Recent data indicate that the pathophysiological pathways that are involved in neoatherosclerotic lesion formation are different to those that regulate plaque evolution in native segments. These include the vessel wall injury post stent implantation, the delayed vascular healing and the endothelial barrier dysfunction caused by the antiproliferative drugs (32, 33), the unfavorable local hemodynamic milieu induced by the protruding struts post stent implantation, that create flow disturbances and recirculation zones in the vicinity of the struts (34), and the vascular inflammation caused by the polymer of the stent (4). The outcome of these processes is the formation of intraplaque hemorrhage derived from the lumen and the accumulation of foamy macrophages in the peri-strut regions that apoptose leading to necrotic core formation (35). In addition, to these mechanisms systemic factors and the patients’ cardiovascular profile and vulnerability seem also to be involved and expedite neoatherosclerotic lesion formation (6–9).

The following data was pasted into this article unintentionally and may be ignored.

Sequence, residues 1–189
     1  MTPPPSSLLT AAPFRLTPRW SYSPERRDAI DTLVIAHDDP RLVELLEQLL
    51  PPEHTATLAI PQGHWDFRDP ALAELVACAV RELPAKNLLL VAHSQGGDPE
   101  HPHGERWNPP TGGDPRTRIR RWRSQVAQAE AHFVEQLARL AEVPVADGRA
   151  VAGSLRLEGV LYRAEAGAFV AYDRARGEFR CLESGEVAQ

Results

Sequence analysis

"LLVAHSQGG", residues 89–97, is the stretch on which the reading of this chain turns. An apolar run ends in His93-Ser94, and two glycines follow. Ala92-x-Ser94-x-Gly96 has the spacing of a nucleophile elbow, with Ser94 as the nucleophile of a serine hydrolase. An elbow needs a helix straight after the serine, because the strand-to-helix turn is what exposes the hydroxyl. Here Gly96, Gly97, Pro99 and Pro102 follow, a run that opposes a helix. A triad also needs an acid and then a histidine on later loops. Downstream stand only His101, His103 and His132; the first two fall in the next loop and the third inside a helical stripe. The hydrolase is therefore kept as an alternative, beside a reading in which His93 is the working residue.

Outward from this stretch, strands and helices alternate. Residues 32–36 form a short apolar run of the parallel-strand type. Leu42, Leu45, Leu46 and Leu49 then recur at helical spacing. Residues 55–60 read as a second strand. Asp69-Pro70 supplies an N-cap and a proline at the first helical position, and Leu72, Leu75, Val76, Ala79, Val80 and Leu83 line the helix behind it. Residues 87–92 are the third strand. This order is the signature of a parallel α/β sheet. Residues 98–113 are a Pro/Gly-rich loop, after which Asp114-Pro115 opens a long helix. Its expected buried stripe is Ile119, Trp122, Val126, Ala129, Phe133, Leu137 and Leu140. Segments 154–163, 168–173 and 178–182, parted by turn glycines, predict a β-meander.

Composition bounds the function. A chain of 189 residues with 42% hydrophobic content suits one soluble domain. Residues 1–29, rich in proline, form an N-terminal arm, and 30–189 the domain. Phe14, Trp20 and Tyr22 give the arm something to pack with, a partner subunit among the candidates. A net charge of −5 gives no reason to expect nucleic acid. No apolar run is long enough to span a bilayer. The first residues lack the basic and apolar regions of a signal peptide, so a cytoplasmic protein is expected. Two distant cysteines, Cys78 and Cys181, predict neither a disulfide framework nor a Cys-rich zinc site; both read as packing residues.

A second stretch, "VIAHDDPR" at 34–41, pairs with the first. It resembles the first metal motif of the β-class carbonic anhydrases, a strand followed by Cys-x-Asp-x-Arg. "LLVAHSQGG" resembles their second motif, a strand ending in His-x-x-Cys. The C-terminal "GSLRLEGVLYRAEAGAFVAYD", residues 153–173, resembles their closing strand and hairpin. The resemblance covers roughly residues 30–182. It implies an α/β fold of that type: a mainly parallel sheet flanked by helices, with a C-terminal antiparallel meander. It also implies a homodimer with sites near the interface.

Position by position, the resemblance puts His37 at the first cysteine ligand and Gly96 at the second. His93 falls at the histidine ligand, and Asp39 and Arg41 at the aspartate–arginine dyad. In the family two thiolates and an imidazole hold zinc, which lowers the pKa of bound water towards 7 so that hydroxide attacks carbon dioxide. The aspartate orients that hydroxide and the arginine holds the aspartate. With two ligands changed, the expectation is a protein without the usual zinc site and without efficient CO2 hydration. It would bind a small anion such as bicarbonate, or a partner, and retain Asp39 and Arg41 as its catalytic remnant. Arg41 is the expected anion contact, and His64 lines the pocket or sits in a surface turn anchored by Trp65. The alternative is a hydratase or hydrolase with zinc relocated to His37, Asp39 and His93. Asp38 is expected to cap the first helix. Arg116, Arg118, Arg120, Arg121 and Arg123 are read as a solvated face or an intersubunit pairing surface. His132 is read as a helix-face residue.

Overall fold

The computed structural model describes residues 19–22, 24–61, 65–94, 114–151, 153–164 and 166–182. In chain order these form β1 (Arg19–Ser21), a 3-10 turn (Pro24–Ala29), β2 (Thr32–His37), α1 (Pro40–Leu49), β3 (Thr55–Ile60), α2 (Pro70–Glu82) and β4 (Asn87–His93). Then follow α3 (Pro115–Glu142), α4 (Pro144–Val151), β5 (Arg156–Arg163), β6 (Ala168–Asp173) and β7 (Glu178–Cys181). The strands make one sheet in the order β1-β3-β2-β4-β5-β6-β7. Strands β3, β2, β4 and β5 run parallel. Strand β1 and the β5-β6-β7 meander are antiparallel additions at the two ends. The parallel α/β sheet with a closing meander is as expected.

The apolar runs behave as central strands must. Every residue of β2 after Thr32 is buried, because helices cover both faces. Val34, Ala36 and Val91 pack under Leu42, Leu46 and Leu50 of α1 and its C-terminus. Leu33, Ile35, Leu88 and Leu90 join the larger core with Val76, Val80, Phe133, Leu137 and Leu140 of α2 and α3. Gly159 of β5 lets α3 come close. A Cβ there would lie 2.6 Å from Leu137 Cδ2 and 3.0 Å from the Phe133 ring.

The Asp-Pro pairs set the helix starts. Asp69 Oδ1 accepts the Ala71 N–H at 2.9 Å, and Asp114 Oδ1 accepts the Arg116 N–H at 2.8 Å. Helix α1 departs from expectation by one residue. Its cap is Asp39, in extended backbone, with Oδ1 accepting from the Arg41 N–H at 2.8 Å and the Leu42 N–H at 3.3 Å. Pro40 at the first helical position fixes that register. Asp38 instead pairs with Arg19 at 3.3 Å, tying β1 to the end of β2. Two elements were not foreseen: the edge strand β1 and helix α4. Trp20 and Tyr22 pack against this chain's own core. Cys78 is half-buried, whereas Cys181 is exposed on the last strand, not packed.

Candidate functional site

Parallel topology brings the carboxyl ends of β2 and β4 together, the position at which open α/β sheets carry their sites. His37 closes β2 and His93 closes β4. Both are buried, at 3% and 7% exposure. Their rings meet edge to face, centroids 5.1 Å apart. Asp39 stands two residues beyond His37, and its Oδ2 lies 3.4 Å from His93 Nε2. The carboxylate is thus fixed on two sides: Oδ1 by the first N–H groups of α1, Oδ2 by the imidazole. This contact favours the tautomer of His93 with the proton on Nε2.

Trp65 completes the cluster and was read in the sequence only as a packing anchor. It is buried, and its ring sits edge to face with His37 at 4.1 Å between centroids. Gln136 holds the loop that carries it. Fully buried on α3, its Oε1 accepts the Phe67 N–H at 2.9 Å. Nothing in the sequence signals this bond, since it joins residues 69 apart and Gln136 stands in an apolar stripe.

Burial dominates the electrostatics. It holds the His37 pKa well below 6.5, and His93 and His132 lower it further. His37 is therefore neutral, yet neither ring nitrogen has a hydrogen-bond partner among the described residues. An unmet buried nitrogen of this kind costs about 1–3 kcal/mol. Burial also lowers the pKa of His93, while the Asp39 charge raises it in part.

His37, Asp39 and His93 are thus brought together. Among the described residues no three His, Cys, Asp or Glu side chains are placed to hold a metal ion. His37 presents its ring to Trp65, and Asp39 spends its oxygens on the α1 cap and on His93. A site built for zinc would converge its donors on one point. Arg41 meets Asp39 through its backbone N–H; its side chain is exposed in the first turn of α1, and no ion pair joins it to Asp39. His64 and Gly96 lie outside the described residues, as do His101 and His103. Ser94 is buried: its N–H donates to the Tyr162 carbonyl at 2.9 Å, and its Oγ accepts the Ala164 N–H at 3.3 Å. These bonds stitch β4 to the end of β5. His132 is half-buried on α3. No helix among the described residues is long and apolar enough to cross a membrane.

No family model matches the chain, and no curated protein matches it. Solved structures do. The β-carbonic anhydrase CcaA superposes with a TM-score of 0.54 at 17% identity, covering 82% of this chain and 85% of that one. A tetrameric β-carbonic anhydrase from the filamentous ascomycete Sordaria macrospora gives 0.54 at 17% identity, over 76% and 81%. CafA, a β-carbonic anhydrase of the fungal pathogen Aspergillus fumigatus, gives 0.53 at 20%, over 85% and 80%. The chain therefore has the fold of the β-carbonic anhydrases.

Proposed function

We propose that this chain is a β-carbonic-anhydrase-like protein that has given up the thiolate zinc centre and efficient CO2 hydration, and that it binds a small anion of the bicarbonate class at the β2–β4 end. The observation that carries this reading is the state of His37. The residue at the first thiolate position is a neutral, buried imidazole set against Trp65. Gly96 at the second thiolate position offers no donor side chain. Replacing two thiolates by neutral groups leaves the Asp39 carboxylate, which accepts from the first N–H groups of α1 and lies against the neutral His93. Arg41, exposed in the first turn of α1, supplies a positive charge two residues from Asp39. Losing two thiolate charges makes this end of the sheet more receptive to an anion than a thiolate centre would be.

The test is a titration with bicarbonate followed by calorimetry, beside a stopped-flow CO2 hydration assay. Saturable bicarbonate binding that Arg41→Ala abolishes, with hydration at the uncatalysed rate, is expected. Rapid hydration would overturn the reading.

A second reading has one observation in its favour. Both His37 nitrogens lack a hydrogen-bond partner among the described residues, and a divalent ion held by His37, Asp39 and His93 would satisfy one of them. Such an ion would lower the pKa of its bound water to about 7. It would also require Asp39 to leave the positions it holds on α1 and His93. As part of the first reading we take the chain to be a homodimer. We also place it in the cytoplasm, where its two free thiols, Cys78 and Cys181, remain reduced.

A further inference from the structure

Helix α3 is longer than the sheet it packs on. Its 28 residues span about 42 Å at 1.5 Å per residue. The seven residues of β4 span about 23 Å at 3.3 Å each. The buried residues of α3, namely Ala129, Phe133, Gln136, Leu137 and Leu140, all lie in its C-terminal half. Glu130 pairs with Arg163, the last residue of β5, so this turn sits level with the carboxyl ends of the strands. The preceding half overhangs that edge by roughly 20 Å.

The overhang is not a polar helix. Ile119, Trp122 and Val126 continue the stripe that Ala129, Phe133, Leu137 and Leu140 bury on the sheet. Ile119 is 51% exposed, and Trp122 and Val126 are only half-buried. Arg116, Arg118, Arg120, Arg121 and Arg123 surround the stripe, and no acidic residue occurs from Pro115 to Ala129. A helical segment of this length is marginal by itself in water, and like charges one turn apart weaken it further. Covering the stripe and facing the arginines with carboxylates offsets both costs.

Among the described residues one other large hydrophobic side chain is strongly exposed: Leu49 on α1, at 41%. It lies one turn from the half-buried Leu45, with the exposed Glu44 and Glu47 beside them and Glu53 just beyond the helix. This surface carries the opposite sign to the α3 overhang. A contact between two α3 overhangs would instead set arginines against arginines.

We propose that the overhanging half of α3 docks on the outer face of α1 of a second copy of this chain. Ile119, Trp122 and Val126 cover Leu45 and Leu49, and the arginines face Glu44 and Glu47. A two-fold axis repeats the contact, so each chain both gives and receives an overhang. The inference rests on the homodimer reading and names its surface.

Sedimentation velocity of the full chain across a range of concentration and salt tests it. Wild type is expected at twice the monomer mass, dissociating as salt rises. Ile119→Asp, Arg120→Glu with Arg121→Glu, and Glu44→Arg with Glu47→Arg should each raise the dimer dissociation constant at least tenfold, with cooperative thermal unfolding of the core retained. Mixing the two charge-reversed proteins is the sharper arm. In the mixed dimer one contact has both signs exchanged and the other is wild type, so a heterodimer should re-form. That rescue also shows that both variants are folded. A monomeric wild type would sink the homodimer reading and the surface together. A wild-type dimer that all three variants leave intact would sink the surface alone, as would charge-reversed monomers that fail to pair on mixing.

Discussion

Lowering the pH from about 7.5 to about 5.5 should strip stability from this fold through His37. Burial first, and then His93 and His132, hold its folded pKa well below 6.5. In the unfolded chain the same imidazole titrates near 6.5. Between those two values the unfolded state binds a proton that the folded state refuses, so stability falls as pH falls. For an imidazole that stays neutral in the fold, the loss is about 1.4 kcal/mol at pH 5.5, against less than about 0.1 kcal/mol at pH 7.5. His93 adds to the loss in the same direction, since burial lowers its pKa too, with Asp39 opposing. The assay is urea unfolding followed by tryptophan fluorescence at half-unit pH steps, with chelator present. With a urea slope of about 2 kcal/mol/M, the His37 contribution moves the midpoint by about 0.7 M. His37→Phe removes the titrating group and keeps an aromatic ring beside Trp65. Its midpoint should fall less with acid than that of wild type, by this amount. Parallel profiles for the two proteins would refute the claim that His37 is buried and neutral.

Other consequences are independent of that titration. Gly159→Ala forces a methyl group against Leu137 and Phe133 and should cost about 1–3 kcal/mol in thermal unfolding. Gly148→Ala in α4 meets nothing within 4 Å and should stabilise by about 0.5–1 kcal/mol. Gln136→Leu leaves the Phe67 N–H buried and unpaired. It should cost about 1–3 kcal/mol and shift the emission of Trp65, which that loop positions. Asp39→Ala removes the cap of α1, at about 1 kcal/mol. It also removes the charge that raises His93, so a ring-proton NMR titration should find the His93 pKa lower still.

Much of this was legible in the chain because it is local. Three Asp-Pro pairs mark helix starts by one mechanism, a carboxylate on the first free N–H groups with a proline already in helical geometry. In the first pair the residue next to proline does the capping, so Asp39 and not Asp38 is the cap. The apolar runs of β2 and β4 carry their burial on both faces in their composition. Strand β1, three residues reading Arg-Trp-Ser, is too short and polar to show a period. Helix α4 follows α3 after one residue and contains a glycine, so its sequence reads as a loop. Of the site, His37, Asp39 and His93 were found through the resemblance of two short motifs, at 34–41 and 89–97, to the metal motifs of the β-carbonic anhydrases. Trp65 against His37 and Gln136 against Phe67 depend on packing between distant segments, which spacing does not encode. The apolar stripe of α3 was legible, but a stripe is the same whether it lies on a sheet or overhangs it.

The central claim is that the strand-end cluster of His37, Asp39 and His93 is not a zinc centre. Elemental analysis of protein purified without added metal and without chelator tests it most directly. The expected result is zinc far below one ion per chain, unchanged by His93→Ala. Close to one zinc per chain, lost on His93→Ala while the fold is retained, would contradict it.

Although several studies have shed light onto the pathophysiological pathways that regulate vulnerable plaque development within the stents, there is limited data about the processes that contribute to their destabilization and rupture. In native lesions, local hemodynamic forces distribution seems to play a pivotal role on the final act of atherosclerosis. More specifically, high ESS promotes nitric oxide synthesis resulting in proteolytic degradation of the fibrous cap, inhibits extracellular matrix synthesis and upregulate smooth muscle cell apoptosis and vascular inflammation leading to fibrous cap thinning and fragility (36, 37). Moreover, PSS has a pivotal role on plaque destabilization as it promotes metalloproteinase synthesis, macrophages accumulation, smooth muscle cell apoptosis, and intraplaque hemorrhage (38–41) and is also considered as the main instigator of plaque rupture (42).